At Rio’s Earth Summit, another chance to take action to address hunger and climate change passes us by.
Friday marked the end of the Rio +20 Earth Summit in Rio de Janeiro. Given the low expectations, many governments are doing their best to portray the summit as a success. We at ActionAid, like nearly all of our colleagues in civil society, are unimpressed.
So what’s there to be cheerful about? The answer is “almost nothing”, but let’s take a look at the positive, which included the following:
- There was an outcome document. At one point it seemed possible that there would be no document at all, given the rigid positions taken by the U.S. and the unwillingness of rich countries to talk about monetary commitments.
- The outcome document did not backslide on previous commitments. Indeed it mentioned the need to move forward on previous commitments, including those of Agenda 21, the ambitious plan of action agreed 20 years ago at the first Rio Earth Summit.
- At some side events, including at the launch of the UN’s Zero Hunger Challenge, governments did agree to put some money towards sustainable development. At that event, the UK announced that they were putting £150 million towards ending hunger.
- Most importantly, representatives of civil society from Brazil and across the globe came together in the People’s Summit, to discuss the problems with and alternatives to the current economic system and put forward concrete suggestions that, if implemented, would move us towards a more sustainable future.
OK, that’s about it for the good bits. While these are not trivial, they are hugely disappointing given the amount of resources that have been put into the summit and more importantly the magnitude of the crises facing the world’s poor and marginalized communities. How did we get to this sorry state of affairs?
In side discussions with officials from Africa, Asia and Latin America, we often heard a similar refrain. The US and Europe talk very nicely about sustainable development, they said, but are silent when asked to put forward money to carry out the needed transformation of developing economies. Without some actual money on the table, these lofty ambitions can never become a reality. While some governments, including Denmark, which was speaking for the European Union, seemed willing to discuss possibilities around new ways of raising money including a tax on financial transactions, powerful countries still block these initiatives at the global level.
A second reason for the impasse is a fundamental disagreement about what is needed. A lot of the talk about a transition to a “green economy” promotes false solutions. The trading of carbon credits, whether linked to forests, soil, or pollution, is seen as some kind of magic bullet that will ensure that companies begin to pay their fair share. But on examination, carbon markets seem like efficient ways to raise money for all kinds of institutions (including the World Bank), but extremely inefficient ways to punish polluters. A straightforward carbon tax might be a much more efficient way.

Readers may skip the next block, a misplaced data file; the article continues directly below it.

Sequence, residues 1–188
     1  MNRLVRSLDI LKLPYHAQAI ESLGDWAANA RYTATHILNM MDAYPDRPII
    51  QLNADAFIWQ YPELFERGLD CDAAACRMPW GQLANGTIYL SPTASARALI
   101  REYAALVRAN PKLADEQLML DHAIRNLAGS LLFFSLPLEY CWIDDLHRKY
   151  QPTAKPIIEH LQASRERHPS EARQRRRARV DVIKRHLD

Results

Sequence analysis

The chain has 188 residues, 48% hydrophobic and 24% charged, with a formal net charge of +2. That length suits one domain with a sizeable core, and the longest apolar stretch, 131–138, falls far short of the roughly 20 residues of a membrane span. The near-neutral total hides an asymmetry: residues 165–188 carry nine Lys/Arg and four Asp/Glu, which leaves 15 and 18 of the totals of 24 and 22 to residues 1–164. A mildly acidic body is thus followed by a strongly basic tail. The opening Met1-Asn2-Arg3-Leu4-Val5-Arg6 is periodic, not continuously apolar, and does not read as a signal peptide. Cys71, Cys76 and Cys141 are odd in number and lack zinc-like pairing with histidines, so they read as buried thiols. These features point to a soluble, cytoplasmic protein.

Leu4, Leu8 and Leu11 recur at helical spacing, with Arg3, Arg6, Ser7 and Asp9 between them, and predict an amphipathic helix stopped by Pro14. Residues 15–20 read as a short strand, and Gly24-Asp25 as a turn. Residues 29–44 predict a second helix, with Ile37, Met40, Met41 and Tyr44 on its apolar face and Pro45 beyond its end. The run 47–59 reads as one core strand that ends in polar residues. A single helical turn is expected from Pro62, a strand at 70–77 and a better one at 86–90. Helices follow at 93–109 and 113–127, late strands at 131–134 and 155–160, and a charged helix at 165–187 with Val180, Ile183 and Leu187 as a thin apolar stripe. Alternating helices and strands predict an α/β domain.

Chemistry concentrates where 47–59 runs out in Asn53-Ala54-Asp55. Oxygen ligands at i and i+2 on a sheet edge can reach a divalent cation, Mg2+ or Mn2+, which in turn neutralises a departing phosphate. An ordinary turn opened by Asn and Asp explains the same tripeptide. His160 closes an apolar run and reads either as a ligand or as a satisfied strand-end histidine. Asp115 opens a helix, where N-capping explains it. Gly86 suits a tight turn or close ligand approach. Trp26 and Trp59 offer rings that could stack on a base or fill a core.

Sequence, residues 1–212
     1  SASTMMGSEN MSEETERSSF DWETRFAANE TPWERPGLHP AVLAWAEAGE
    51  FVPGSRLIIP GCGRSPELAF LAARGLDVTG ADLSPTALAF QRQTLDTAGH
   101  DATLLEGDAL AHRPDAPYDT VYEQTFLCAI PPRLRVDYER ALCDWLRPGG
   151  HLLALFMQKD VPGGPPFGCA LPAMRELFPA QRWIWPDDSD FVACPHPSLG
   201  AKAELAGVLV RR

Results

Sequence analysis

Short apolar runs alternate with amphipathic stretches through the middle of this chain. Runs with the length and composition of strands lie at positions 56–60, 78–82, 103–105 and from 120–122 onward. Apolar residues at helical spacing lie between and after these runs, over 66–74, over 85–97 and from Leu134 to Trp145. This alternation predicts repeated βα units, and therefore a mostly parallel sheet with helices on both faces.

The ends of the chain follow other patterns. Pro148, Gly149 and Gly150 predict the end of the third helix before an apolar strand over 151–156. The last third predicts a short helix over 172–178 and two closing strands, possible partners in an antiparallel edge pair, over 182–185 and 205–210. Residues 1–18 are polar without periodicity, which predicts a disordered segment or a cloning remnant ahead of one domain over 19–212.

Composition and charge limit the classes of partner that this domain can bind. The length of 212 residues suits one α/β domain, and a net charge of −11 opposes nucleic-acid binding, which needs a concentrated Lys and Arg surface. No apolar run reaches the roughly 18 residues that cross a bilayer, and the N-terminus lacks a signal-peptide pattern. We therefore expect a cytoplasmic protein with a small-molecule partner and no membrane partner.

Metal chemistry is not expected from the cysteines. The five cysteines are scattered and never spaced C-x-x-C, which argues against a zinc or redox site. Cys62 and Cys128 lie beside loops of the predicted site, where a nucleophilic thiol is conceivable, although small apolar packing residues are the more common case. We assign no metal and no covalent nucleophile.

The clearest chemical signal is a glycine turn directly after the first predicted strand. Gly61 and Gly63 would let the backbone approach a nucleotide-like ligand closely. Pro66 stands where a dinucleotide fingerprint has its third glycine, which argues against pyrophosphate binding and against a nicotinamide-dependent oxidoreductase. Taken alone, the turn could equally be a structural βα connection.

Biofuels– which studies show may well emit more carbon than fossil fuels – is another false solution that remains on the table, despite an emerging consensus [pdf] that the promotion of biofuels is exacerbating the food crisis by causing competition between food and fuel.
While proponents of these false solutions – some of whom stand to make a lot of money should they be accepted and promoted by governments – cannot claim that they had a victory at Rio +20, it seems clear that these and other bad ideas are still on the table.
And here we arrive at the fundamental question: what is the “green economy”?
At Rio and at the G20 summit in Mexico which preceded it, the term “green economy” was everywhere - in the welcome packets, on advertising hoardings, and in the title of nearly every workshop. While I’ve got nothing against the color green, it must be said that this term is not very descriptive and therefore can be used to mean whatever is convenient at the moment. Big businesses have clearly understood that there is a change coming, and that this change is called “the green economy” and are struggling to control its definition, in part through claiming that false solutions like carbon markets and biofuel promotion should be part of it.
But the need of the moment is for policies based on science and fact, rather than on what will make the most money for those who already have a lot of it. ActionAid and our allies must come together to help define what an alternative economic system would really look like, perhaps through multiple “green economies”. Whatever alternative we put forward must certainly have human rights and environmental sustainability at its core.
Fortunately, there were people in Rio who were discussing what alternative green economies should look like. Unfortunately, they were not discussing it at the Earth Summit, but rather at the alternative People’s Summit, where women’s movements, farmer’s organizations, activists for the rights of indigenous peoples and hundreds of other groups came together to put forward an alternative vision and came out in the streets to demand that leaders begin to chart a new course [in Portuguese, English version will soon be available here].
The Future We Want – the rather ambitious name the UN gave to the official summit’s outcome document -- depends on how we all can engage with and empower these movements to demand that leaders take real action. Until then, our leaders seem determined to continue with business as usual.